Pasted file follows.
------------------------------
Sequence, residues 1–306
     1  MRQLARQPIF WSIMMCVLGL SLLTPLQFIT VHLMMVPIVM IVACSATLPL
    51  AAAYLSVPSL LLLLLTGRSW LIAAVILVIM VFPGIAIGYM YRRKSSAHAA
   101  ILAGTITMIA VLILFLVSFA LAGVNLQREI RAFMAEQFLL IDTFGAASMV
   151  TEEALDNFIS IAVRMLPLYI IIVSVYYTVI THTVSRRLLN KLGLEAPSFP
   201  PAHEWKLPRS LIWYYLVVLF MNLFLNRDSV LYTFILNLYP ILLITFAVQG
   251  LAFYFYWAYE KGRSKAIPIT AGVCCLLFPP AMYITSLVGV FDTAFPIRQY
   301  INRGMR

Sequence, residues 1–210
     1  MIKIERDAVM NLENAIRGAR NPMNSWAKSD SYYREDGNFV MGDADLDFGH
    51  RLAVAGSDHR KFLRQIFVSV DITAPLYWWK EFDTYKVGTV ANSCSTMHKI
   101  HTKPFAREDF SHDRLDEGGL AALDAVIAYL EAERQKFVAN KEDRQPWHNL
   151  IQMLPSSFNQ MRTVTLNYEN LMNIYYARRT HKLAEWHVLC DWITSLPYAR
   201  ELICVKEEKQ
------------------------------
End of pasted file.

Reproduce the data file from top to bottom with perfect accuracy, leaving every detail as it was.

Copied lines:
Sequence, residues 1–306
     1  MRQLARQPIF WSIMMCVLGL SLLTPLQFIT VHLMMVPIVM IVACSATLPL
    51  AAAYLSVPSL LLLLLTGRSW LIAAVILVIM VFPGIAIGYM YRRKSSAHAA
   101  ILAGTITMIA VLILFLVSFA LAGVNLQREI RAFMAEQFLL IDTFGAASMV
   151  TEEALDNFIS IAVRMLPLYI IIVSVYYTVI THTVSRRLLN KLGLEAPSFP
   201  PAHEWKLPRS LIWYYLVVLF MNLFLNRDSV LYTFILNLYP ILLITFAVQG
   251  LAFYFYWAYE KGRSKAIPIT AGVCCLLFPP AMYITSLVGV FDTAFPIRQY
   301  INRGMR

Sequence, residues 1–210
     1  MIKIERDAVM NLENAIRGAR NPMNSWAKSD SYYREDGNFV MGDADLDFGH
    51  RLAVAGSDHR KFLRQIFVSV DITAPLYWWK EFDTYKVGTV ANSCSTMHKI
   101  HTKPFAREDF SHDRLDEGGL AALDAVIAYL EAERQKFVAN KEDRQPWHNL
   151  IQMLPSSFNQ MRTVTLNYEN LMNIYYARRT HKLAEWHVLC DWITSLPYAR
   201  ELICVKEEKQ